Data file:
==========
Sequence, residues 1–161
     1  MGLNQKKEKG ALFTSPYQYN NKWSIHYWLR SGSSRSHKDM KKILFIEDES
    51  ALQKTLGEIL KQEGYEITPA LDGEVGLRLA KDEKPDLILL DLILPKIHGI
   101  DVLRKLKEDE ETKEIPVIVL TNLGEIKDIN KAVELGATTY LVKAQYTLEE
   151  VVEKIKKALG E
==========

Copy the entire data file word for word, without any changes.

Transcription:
Sequence, residues 1–161
     1  MGLNQKKEKG ALFTSPYQYN NKWSIHYWLR SGSSRSHKDM KKILFIEDES
    51  ALQKTLGEIL KQEGYEITPA LDGEVGLRLA KDEKPDLILL DLILPKIHGI
   101  DVLRKLKEDE ETKEIPVIVL TNLGEIKDIN KAVELGATTY LVKAQYTLEE
   151  VVEKIKKALG E